James Madison Papers

To James Madison from William Pinkney, 7 December 1807


London, Decr. 7th 1807.

Dear Sir:

I have the Honor to send herewith enclosed Duplicates of my Dispatches of the 23d. & 30th. of last Month, the originals of which were forwarded by the Othello for New York. I enclose also the Russian Declaration against this Country, the first & supplementary British Orders of Council relative to Neutral Trade, and the Report of the Committee of Merchants. Nothing has taken place here since the Date of my last which I could make the Subject of a public Letter.

Some American Vessels have been warned under the Orders of Council, and permitted, after coming in, to proceed on their Voyages, which, however, must now be full of Danger.

There is every probability that Sweden will, either willingly or unwillingly, soon unite with Russia in her Measures against England. Austria is already said to be a party to them. The United States alone remain; and, as if it was desireable to cast off the Friendship of all the World in this Hour of their greatest Peril, the British Government persecutes us with the most injudicious wanton & extravagant Aggression that ever was ventured upon by a Nation in the Arrogance of Prosperity and in the Fullness of unquestioned Power.

I lament to say that this wild Measure continues to be more popular than it ought to be. Most of the Opposition with whom I have lately conversed arraign it as foolish rather than as unjust; but in general it is approved. A portentous Delusion seems to have taken possession of the Nation. It was to have been expected that the Affair of Copenhagen would have alarmed a moral & intelligent People by the prodigal Waste of national Character which it could not fail to produce, as well as by the horrible Violence which it offered to every thing like Principle, and even to the ordinary Maxims of Policy. It has, however, scarcely excited a Murmur. It is, indeed, understood that it will be assailed in parliament by the late Ministry & their adherents, except Thomas Grenville and perhaps Lord Grenville. It is equally understood that this attack will end in nothing. If Lord Grenville should (as some assert, altho I incline to think erroneously) support the Copenhagen Business, it is believed that it will be the Signal of his Separation from a party with which he never has been cordial, & of an approaching Union with the present Ministers, who are said to desire extremely to bring Ld. Grenville and the Marquis Wellesley into Office.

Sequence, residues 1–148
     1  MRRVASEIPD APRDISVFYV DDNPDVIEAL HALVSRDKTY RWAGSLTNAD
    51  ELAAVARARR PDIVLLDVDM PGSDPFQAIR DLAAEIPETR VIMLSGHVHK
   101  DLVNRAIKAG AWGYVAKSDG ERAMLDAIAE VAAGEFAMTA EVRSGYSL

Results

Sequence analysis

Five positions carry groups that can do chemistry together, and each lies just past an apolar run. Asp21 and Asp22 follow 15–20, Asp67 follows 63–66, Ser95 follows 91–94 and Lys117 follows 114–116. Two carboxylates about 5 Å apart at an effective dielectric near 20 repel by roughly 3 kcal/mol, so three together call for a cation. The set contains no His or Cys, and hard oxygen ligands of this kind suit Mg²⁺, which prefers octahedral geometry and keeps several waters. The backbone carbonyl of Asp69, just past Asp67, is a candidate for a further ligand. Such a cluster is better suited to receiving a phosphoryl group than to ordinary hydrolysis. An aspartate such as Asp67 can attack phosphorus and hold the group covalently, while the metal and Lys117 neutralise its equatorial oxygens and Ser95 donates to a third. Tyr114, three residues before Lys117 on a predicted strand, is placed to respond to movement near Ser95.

Since my Letter of the 23d. of last Month Mr. Bowdoin (for I have nothing from General Armstrong) has put into my Hands a Copy of a Letter from the French Minister of Justice to the Procurer General of the Council of Prizes, dated the 18th. of Septr. last, with which Genl. Armstrong has doubtless made you acquainted. I enclose a Copy of it.

It is perfectly certain that the British Government had no Knowledge of this paper when the Orders of Council were issued, and indeed that they have no Knowledge of it even now. They have heard of certain Declarations imputed to the Emperor of France at his Levees (with what Truth I know not), but these could hardly be considered as very certain Indications of what would be done, far less as constituting in themselves a measure, against which there could be actual Retaliation thro’ the Rights of Neutrals.

The Siutation in which we are now placed by the Violence & Injustice of others is certainly an arduous one; but it will be met by our Government with all the Temper, Wisdom & Virtue which it so imperiously requires, and by our People with the Patriotism which belongs to them.

War between our Country and Great Britain is not generally expected here. There is a Disposition in many to anticipate some strong Measure on our part, but not War; and it is taken for granted that Great Britain will not seek a War if we should stop short of actual Hostility.

The Letters in the Morning Chronicle (from A. B. to the Editor) which I have sent you as they have appeared, are from the Pen of one of the ablest & warmest of our Friends in England. They are not without great Errors; but they speak with considerable Exactness the Sense of his party, the most favorable of any in this Country to the United States.

I had the Honor to send by the Othello some parcels of newspapers & pamphlets. Those which are received by the Legation here from the U. S. arrive very seldom and very late.

The Presidents Message was received here yesterday & has been published in all the Prints of this Morning. I have the Honor to be with sincere Attachment Dear Sir Your Most Obedient Humble Servt.

Wm: Pinkney

DLC: Papers of James Madison, Rives Collection.

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